This may not have been the case in 1945 for Richard Rodgers and Oscar Hammerstein. I wondered how much of my reaction arose from my exposure to modern attitudes about gender equity, feminism and patriarchy. Was it somewhat new to have this kind of reaction to the classic musical? Had things changed so much during my own lifetime?
“Oh, I couldn’t believe how dark it was,” my mother Cecilia Vogt recalled over the phone. “You go in thinking, ‘This is a great play to take our kids to,’ and you go out thinking, ‘Oh my god, this is dark!’” She was just as rattled by the play in 1985 as I was in 2005. I don’t remember her having this reaction, but perhaps this is not the sort of thing a mother usually wants to talk about with her preadolescent child. All I remember is for weeks afterwards, she’d run around the house singing “JUUNE IS A BUSTIN’ OUT ALL OOOOVEEER.” Especially when I had friends over.
One of the greatest things about watching a 70-year-old play live on stage is being confronted with the evolution of social attitudes, face to face with real people. It’s far less soothingly alien than watching, say, Gone With the Wind, and seeing dead people say horrible, antiquated things through the haze of time. It forces you to confront these troubling issues in a much more immediate way. The words aren’t preserved in amber—they’re coming from the mouths of real people, as they did in 1945. As my mom puts it, “Maybe that’s the benefit: it makes you think about these awful things in our culture that haven’t really gone away.”
I know a lot of people who refuse to watch Gone With the Wind because they see it as racist and hateful. It certainly is those things, but it’s also gorgeously shot, lightning-paced for a 26-hour long movie (give or take) and an absolutely essential part of our history, cinematic and otherwise. I think that, if anything, we should watch these kinds of things more often. It’s okay to be uncomfortable. That’s often how history feels when we don’t look at it through the lens of hindsight. Gone With the Wind was the biggest box office hit in the history of the United States. It’s where we came from. It’s beautiful and ugly. It’s who we are. Our past does not always have to be glorious to be acknowledged.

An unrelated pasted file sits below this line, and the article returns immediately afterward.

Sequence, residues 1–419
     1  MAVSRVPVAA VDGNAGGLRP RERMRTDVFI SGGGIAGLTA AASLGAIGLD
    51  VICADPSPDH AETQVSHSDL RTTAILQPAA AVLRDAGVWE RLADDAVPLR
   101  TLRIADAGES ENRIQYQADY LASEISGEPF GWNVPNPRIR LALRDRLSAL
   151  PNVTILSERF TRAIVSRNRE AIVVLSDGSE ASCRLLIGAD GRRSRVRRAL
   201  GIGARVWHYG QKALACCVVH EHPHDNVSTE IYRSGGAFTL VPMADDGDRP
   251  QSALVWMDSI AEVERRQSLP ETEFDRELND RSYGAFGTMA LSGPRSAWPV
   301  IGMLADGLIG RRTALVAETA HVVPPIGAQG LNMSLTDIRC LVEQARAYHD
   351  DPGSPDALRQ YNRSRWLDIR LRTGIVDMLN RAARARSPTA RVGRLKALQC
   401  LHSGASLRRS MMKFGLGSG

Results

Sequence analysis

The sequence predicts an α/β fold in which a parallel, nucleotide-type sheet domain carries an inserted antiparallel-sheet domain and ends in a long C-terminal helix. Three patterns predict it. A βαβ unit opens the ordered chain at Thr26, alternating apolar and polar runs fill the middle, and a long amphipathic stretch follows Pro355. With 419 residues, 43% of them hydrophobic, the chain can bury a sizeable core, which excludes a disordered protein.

After the standing ovation and the curtain call, the audience at Carousel was clearly buzzed. I looked over at my friend Sarah, who had been kind enough to accompany me. She was applauding and shaking her head, dumbfounded. “The play was filled with unlovable characters, but they were played so well by such talented people that I was filled with confusion and frustration and yet admiration for the actors,” she told me later. “I didn’t know how to hold these things inside at the same time.”
It was a peculiar kind of excitement. The feeling you get from being provoked and entertained in equal measure.
I’m grateful that the 5thh Avenue Theater has decided to give us a faithful adaptation of Carousel,without watering down or clipping the queasier parts. It made for one of the most memorable nights of theater I’ll ever experience. As Sarah and I walked out of the theater, we had so much to say. We could’ve talked for hours. As evidenced by the din of exited conversation among the crowd pressing around us as we all streamed out onto the street, we weren’t the only ones. I still can’t stop thinking about it. And I can’t stop singing “June Is A-Bustin’ Out All Over” around the house.